Essay On Cuban Immigration

500 Words2 Pages

The bias of migration is usually ignored, people overlook the pains that immigrants went through in order to start a new life. Like most, immigrants left their countries because of economics or political reasons. The first waves of Cuban immigrants were of the upper and middle class. They were welcomed by the U.S because of their economic and intellectual value. The U.S was happy to open its doors to the Cubans because they were fleeing from a communist government and moving to a democratic one. However, the U.S was not as friendly to those of lower social class. Cuban immigrants where only seeking refugee until their communist president ,Fidel Castro, could be overthrown. They felt as if they were exiled from their beloved country. They had to leave their homeland and come to a new place, learn a new language in order to thrive. The first four waves of immigrants were the white upper class who just sought asylum, they wanted to wait for things in Cuba to calm down before going back. This Cubans were welcomed and succeeded socially and economically. In the early 1960s and mid 1970s, …show more content…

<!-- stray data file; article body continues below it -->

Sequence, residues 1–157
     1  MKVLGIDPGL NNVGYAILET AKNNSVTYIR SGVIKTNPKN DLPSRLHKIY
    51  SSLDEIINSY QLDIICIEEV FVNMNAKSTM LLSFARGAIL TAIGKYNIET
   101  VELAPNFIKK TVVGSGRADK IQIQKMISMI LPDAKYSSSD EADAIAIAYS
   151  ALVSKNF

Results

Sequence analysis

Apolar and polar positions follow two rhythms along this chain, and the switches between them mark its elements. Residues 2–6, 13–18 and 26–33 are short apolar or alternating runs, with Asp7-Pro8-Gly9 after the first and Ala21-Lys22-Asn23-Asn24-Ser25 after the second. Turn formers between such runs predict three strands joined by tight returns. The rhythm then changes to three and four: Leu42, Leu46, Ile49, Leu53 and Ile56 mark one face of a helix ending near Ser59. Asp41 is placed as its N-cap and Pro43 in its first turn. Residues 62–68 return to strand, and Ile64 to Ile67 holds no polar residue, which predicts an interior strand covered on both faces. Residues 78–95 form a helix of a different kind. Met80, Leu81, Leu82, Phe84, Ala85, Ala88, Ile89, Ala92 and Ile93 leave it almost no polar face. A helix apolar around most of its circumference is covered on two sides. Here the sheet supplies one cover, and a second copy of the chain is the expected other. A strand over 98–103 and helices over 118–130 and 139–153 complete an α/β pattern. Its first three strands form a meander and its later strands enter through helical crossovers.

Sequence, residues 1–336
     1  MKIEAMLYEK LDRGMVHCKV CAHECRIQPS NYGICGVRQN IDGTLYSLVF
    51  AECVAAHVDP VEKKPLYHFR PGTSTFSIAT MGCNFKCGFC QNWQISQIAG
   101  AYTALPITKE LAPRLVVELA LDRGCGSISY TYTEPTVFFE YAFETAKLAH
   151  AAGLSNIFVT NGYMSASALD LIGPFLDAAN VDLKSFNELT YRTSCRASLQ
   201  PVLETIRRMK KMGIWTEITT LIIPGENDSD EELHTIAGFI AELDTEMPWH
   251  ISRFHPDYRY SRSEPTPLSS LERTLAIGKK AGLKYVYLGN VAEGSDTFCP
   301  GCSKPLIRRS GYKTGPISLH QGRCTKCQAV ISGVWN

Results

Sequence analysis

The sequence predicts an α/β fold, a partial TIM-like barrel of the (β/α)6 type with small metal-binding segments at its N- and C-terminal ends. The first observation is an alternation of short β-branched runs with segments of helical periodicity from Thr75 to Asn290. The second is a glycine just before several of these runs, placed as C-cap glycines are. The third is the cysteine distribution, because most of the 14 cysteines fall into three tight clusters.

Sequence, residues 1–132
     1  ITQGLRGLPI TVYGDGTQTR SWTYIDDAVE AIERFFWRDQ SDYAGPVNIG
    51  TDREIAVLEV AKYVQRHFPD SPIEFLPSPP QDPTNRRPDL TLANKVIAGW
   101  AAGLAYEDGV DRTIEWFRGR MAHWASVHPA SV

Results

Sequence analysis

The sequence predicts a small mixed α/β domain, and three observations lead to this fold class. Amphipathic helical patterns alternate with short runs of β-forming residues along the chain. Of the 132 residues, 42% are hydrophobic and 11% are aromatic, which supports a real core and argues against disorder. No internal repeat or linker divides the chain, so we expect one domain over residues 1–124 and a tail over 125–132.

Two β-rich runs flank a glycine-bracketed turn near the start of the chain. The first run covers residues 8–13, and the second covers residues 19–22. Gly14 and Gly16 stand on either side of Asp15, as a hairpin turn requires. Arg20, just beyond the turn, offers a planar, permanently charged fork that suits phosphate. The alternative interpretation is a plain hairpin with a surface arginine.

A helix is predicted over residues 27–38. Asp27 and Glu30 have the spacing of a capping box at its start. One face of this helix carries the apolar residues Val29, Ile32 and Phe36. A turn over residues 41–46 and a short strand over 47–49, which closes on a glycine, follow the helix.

Lower class Cubans were treated as criminals, even though only 1% were actual criminals, and were left with barely any economical opportunities. The flow of Cubans into the U.S continued and still continues today but the U.S has set new policies to deal with the immigrants.
I was shocked to learn about the challenges that Cubans had to deal with while trying escape their bad situations. I was stunned that the U.S could be so biased towards people. They welcomed Cubans but when the lower class started to arrive and the more people sought refugee, the more the U.S started to reject them. The U.S happily received wealthy educated people, but rejected those who were not

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